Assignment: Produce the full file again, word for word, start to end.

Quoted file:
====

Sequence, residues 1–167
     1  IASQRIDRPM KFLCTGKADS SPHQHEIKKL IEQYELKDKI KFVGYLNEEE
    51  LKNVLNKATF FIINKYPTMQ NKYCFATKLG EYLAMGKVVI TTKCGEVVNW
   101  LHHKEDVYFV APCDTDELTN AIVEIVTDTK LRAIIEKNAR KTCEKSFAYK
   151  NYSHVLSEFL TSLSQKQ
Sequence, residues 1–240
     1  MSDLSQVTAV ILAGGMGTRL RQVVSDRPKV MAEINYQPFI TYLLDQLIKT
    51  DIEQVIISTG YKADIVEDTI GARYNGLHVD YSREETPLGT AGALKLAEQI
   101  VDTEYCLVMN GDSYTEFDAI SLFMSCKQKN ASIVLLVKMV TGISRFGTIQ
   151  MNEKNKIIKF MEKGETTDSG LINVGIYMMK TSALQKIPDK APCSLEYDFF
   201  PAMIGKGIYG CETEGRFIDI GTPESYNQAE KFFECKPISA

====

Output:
Sequence, residues 1–167
     1  IASQRIDRPM KFLCTGKADS SPHQHEIKKL IEQYELKDKI KFVGYLNEEE
    51  LKNVLNKATF FIINKYPTMQ NKYCFATKLG EYLAMGKVVI TTKCGEVVNW
   101  LHHKEDVYFV APCDTDELTN AIVEIVTDTK LRAIIEKNAR KTCEKSFAYK
   151  NYSHVLSEFL TSLSQKQ
Sequence, residues 1–240
     1  MSDLSQVTAV ILAGGMGTRL RQVVSDRPKV MAEINYQPFI TYLLDQLIKT
    51  DIEQVIISTG YKADIVEDTI GARYNGLHVD YSREETPLGT AGALKLAEQI
   101  VDTEYCLVMN GDSYTEFDAI SLFMSCKQKN ASIVLLVKMV TGISRFGTIQ
   151  MNEKNKIIKF MEKGETTDSG LINVGIYMMK TSALQKIPDK APCSLEYDFF
   201  PAMIGKGIYG CETEGRFIDI GTPESYNQAE KFFECKPISA